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Durham University

Durham University News

Comment and opinion

Reflections on mass testing as the UK moves out of lockdown

(17 April 2021)

Professor Jacqui Ramagge, our Executive Dean for Science, and Associate Professor Camila Caiado, from our Mathematical Sciences Department, who have led our Lateral Flow Testing programme, reflect on mass testing as the UK moves out of Covid-19 lockdown.

In October 2020 we were asked to run a service evaluation of lateral flow testing at Durham University to assess the feasibility of the use of rapid tests at scale.

It is important to distinguish between those who are infected and those who are infectious, as well as between those who have covid-like symptoms and those who appear to have none but are still carriers of the virus (asymptomatic).

Those who showed symptoms already had access to testing, so our aim was to use rapid tests to quickly identify those who were infectious asymptomatic carriers of the virus, help them to isolate, and minimise the need for isolation by others.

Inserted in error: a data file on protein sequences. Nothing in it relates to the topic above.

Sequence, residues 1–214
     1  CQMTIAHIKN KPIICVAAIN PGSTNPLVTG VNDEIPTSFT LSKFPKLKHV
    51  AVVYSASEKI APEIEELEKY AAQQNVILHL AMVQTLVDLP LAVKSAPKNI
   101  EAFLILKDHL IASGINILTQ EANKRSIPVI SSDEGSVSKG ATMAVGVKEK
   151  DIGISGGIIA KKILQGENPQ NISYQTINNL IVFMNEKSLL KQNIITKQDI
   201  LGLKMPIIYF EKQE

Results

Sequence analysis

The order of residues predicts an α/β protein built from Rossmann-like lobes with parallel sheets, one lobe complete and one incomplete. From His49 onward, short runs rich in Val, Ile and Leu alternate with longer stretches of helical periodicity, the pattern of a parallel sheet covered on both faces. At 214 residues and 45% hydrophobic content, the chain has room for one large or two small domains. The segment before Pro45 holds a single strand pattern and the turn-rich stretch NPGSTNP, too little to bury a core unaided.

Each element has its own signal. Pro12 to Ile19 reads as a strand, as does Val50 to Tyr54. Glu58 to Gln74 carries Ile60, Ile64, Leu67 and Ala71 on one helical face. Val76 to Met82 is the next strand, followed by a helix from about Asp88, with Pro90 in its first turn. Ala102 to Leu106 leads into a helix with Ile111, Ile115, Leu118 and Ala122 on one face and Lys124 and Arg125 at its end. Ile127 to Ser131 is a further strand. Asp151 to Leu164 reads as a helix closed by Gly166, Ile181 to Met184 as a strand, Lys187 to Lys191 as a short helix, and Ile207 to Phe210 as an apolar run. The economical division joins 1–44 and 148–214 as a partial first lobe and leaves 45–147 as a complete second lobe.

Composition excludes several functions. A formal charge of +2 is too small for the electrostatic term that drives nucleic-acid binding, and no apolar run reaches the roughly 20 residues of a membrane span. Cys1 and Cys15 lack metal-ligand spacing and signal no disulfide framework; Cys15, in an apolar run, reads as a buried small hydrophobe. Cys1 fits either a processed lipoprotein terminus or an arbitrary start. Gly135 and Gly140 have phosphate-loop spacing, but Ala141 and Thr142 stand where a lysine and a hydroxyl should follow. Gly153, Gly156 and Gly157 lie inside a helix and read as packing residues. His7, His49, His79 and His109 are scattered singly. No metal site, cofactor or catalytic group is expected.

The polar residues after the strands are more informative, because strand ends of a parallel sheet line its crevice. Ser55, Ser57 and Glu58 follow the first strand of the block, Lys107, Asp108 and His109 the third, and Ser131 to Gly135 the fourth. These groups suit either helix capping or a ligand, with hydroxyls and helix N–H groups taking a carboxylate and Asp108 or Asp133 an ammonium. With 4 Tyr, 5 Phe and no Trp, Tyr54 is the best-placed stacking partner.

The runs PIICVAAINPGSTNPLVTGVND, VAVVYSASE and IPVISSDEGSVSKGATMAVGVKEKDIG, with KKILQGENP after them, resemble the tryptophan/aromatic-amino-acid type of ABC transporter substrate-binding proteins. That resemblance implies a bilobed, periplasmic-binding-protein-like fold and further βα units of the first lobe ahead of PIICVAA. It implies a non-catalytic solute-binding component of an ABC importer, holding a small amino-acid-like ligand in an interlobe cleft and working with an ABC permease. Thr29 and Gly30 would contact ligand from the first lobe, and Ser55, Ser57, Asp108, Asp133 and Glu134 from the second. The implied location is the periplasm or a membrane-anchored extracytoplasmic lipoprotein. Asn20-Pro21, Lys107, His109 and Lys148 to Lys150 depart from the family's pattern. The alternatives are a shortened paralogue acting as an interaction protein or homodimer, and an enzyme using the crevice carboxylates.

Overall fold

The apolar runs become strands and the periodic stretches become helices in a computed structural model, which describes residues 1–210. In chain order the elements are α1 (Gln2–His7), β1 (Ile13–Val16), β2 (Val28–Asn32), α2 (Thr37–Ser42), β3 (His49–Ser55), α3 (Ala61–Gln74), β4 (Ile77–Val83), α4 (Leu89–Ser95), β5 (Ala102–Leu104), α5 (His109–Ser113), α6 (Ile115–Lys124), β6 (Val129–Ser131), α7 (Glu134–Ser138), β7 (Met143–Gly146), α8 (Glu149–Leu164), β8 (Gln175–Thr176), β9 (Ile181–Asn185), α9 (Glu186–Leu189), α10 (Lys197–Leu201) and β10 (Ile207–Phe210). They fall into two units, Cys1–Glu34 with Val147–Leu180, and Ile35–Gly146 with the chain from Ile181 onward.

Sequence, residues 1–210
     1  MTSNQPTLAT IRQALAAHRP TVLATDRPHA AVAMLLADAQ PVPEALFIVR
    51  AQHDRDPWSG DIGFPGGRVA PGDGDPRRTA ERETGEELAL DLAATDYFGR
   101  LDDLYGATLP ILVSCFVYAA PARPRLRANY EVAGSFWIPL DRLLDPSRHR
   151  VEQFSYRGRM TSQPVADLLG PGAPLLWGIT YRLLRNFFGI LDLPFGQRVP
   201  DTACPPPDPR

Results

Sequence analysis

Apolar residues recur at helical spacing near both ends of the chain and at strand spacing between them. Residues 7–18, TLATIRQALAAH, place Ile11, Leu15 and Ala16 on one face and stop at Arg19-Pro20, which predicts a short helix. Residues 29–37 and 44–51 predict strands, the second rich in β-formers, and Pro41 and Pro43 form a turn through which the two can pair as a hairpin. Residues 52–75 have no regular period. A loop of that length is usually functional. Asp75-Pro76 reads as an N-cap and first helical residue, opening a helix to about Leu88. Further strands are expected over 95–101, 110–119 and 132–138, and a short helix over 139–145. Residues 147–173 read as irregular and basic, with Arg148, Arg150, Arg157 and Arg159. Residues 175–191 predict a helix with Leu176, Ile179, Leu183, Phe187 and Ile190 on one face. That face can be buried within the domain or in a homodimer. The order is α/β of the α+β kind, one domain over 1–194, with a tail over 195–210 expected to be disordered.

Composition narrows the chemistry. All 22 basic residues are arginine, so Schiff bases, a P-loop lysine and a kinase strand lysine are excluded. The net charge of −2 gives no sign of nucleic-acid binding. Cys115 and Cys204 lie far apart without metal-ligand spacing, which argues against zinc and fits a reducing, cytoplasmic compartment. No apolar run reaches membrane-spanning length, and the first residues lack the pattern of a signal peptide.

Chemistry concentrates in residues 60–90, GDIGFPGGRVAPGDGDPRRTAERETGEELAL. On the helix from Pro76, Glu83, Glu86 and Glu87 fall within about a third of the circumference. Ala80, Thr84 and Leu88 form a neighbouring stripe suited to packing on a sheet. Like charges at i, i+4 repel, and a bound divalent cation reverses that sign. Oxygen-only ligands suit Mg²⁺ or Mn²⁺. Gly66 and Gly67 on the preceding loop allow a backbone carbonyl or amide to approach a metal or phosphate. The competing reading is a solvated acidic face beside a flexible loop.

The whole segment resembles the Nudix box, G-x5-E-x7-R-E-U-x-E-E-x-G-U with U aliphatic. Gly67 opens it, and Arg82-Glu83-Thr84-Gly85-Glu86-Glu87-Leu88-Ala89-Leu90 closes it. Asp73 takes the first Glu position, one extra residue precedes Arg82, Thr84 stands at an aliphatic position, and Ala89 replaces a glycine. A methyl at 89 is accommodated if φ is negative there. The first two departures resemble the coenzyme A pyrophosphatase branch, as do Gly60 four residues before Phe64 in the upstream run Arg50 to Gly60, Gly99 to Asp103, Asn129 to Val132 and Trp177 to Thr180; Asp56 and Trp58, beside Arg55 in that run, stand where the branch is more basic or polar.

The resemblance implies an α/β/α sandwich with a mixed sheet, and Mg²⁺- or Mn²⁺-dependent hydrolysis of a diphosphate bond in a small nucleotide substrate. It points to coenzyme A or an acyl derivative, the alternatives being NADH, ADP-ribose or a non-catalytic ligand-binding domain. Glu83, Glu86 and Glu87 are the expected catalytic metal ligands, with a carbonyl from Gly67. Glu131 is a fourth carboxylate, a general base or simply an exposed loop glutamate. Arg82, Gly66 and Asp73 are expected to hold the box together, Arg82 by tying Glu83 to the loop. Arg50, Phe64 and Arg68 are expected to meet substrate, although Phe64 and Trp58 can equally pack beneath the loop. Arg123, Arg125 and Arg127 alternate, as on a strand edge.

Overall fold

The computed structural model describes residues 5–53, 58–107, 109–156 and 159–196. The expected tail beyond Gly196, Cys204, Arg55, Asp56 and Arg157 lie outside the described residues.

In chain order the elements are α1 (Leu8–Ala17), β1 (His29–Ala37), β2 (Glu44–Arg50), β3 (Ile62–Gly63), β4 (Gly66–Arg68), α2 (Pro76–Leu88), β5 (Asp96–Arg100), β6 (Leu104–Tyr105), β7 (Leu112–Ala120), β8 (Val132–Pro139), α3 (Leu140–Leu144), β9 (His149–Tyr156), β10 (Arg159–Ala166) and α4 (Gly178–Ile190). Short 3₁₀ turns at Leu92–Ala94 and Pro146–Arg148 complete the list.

We were the first who sought, and received, approval from the Department of Health and Social Care (DHSC) for a protocol whereby participants self-administered tests after undertaking training. We did this because we thought it gave us the best chance to scale testing to a university-wide level.

To date we have trained over 11,000 people and reported over 30,000 test results and, in partnership with the Durham County Council public health team, we have contained all outbreaks in the University community.

'I want to protect others'

Participation in the testing programme is entirely voluntary, and when we surveyed our students and asked them why they were taking the tests, the three most popular answers were:

  1.  I want to protect others.
  2. I think it’s the right thing to do.
  3. It gives me peace of mind.

The third-ranked response is interesting given that over 87% of respondents understood that a negative result was not a guarantee that they were free of infection, in the sense that they understood there was a small chance of a false negative.

The altruistic feelings in the most popular answer may have been influenced by the way in which invitations to test are communicated. From the start of the programme we have worked with colleagues in behavioural psychology, the University communications team and student leaders to get the messaging right. Phrases such as ‘Test regularly, stay safe, protect others’ and ‘Test regularly, protect others, let’s stop the spread of Covid-19 together’ have been deployed across multiple channels including social media, digital screens on campus, emails and posters in colleges and at testing sites.